. . . .

        11. The vehicle during the inspection process was never raised to perform a visual inspection.

        12. After the "inspection," a 8/97 inspection certificate was placed on the vehicle.

    The trial court affirmed the Division's conclusion that petitioner failed "to inspect or properly inspect a motor vehicle by failing to detect a missing catalytic converter." The trial court reviewed the entire record for relevant evidence that a reasonable mind might consider sufficient to support its conclusion. State ex rel. Commissioner of Insurance v. North Carolina Fire Insurance Rating Bureau, 292 N.C. 70, 80, 231 S.E.2d 882, 888 (1977). We hold that the record is replete with substantial evidence to support the findings of fact which in turn fully justify the conclusion . We also note that the Division did not cross-appeal from that portion of the judgment disregarding some of the administrative findings.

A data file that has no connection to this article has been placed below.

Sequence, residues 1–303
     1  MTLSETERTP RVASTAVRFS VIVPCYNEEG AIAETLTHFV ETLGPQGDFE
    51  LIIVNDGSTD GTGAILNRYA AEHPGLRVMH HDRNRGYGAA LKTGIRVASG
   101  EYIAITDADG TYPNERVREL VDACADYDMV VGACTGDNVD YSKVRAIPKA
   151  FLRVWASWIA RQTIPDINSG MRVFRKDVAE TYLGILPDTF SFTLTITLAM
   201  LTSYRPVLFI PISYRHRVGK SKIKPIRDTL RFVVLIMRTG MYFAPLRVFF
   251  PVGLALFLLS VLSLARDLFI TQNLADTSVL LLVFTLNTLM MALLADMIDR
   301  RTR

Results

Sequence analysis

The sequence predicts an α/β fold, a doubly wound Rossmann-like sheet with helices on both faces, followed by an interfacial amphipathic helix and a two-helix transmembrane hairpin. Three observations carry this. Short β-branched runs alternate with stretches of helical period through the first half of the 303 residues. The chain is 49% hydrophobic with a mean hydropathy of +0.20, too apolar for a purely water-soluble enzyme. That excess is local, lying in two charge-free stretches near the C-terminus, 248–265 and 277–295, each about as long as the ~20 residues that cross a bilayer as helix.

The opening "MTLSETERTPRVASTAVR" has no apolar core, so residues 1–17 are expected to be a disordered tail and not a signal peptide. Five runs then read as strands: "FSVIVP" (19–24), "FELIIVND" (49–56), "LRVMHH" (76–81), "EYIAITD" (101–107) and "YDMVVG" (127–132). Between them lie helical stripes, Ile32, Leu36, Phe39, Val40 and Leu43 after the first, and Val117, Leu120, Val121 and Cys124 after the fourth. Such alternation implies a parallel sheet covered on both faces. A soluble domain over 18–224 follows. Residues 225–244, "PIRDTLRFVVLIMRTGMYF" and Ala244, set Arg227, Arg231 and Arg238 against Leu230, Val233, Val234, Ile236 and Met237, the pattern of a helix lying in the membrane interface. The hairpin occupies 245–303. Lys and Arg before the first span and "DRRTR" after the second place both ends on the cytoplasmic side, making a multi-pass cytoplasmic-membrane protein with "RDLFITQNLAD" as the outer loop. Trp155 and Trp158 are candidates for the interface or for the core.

[2]Petitioner next contends the trial court erred in upholding the Division's determination that a Type I violation included the failure to detect a missing catalytic converter. Petitioner argues the Division misinterpreted G.S. § 20-183.8B(a) in categorizing serious, Type I violations. The pertinent language deems a serious violation to be one which "directly affects the emission reduction benefits of the emissions inspection program." G.S. § 20-183.8B(a) .